“The opportunity we’ve tapped into is huge. 90 million individuals huge,” Nash writes. “We want to be able to scale with our millennial audience, and it takes capital to be able do this independently. Our investors know this. We value our independence from Wall Street. and believe that in order to see real change in the financial services industry we need to remain independent, nimble and innovative.”

Currently Schwab’s offering is a coming-soon website=, with multiple “keep me posted” buttons and no other apparent navigation.

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Mentioned in this article:

Portfolio Management System
Top Executive: Andy Rachleff

Kate Mcbride

Kate Mcbride

October 28, 2014 — 9:01 PM

How can Schwab call a service that INVESTORS ARE PAYING FOR, albeit in an underhanded, under the radar way, FREE? If investors are paying, via rev share kickbacks (to Schwab) from fees on funds they’d better let investors know exactly what they are paying and what it’s for. That is NOT ' “FREE.” It’s astonishing that the spokesperson would say: “That decision is made based on objective criteria within a fiduciary standard, and it doesn’t play a meaningful role in the economics of the program.”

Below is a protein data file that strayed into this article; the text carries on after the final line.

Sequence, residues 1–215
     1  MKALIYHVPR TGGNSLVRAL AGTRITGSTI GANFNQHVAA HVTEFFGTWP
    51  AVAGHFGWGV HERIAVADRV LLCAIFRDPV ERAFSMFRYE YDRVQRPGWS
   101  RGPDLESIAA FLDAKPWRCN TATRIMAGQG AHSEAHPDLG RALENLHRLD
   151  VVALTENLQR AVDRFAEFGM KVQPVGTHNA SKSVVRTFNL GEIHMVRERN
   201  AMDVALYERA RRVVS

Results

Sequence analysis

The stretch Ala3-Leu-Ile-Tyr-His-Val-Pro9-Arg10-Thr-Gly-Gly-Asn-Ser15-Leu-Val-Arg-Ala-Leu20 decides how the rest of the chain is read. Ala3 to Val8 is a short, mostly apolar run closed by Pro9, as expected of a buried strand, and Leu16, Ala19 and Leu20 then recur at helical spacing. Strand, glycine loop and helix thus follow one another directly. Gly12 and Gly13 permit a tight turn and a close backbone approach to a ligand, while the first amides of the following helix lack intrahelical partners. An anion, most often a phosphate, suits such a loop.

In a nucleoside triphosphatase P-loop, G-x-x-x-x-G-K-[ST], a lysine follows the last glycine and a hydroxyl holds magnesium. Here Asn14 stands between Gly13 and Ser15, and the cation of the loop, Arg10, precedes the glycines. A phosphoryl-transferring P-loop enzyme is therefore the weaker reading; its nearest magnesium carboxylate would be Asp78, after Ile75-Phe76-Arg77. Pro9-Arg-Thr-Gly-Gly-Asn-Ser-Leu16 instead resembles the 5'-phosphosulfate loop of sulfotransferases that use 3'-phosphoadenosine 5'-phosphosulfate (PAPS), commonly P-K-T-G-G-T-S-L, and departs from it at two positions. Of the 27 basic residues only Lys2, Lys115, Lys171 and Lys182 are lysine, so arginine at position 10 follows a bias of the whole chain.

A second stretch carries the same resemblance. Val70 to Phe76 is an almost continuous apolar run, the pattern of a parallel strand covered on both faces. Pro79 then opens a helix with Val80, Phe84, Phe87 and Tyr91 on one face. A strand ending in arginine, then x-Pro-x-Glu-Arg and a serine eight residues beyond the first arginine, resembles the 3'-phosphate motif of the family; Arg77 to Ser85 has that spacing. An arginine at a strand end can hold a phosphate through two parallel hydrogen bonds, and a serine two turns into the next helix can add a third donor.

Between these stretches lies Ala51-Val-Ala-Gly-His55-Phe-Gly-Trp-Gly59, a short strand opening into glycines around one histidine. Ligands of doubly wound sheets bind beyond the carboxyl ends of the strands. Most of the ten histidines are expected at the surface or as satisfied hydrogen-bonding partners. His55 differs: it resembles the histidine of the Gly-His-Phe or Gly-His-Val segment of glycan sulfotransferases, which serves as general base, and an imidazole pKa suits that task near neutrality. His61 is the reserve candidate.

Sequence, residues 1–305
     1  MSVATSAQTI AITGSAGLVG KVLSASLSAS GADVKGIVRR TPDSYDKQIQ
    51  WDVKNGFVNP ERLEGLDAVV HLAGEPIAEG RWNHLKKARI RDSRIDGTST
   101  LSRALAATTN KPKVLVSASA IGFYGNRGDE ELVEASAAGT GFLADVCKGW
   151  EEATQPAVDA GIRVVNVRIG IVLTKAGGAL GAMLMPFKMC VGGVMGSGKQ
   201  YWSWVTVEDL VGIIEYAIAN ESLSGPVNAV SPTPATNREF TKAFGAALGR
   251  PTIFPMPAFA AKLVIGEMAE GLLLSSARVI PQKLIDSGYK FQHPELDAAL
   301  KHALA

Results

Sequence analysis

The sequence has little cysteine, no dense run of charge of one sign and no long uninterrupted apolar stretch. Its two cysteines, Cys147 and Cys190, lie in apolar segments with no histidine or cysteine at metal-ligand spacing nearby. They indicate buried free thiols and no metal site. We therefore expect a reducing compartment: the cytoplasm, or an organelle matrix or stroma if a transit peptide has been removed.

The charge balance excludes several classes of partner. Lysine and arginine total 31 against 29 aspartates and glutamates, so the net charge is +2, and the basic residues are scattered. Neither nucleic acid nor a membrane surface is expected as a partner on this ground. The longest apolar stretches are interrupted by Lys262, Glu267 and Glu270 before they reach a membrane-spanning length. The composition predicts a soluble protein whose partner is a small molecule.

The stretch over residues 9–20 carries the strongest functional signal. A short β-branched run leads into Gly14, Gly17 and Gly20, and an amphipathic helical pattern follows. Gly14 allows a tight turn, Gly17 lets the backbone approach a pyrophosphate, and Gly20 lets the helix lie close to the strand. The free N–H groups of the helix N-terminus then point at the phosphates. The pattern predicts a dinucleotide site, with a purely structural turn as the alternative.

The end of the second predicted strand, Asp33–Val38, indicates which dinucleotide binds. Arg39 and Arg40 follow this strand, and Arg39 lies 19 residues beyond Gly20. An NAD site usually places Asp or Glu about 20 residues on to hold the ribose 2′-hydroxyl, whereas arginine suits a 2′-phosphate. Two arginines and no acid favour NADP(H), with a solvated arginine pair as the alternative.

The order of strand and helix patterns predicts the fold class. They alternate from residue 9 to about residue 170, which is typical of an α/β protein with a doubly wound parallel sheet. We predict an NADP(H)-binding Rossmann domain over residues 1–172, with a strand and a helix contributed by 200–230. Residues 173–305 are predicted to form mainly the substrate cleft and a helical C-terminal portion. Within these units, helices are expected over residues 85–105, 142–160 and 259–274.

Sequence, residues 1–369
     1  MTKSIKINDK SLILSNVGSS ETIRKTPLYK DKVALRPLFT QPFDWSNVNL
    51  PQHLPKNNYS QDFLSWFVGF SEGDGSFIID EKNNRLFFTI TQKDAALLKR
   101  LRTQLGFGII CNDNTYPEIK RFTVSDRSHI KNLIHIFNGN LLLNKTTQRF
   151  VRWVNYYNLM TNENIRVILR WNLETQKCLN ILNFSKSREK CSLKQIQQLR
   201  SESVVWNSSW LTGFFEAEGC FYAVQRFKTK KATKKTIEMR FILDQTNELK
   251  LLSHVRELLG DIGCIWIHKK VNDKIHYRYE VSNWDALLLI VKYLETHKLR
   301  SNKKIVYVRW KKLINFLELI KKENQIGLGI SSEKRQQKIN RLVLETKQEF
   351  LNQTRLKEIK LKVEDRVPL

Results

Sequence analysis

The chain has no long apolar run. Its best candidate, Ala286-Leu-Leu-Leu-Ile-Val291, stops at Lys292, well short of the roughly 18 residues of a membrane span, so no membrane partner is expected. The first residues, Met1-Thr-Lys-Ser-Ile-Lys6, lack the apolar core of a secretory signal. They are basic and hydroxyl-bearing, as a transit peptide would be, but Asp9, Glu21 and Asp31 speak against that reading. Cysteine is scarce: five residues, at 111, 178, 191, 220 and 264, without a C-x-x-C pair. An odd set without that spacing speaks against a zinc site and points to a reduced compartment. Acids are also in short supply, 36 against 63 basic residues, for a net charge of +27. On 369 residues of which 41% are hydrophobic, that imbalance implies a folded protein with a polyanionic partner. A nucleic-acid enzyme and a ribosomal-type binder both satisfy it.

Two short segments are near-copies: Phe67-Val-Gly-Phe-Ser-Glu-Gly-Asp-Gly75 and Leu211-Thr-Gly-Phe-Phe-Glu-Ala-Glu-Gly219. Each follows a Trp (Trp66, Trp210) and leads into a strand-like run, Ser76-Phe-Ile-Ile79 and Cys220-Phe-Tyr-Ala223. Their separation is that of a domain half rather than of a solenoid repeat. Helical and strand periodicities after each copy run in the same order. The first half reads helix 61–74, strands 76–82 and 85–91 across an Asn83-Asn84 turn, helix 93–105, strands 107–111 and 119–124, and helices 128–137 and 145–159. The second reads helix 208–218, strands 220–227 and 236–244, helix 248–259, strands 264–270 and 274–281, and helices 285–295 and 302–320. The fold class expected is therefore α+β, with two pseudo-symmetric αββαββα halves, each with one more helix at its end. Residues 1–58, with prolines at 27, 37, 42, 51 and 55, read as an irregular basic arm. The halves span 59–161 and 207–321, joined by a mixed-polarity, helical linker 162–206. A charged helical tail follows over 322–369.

Really? Not meaningful to whom? IF this decision is based on the fiduciary standard then the ALL THE FEES AN INVESTOR PAYS MUST BE CLEARLY DISCLOSED TO THE INDIVIDUAL INVESTOR. And if Schwab is getting a kickback on this they’d better let the investor know, and clearly, what the individual fee is — not buried in 50 pgs of disclosure. Otherwise this would be a fiduciary breach. It is not in an investor’s best interest for fees (and whom they go to) to not be disclosed. This is, sadly, a major blunder on the part of Schwab.

Tom Dorsey

Tom Dorsey

October 29, 2014 — 2:54 PM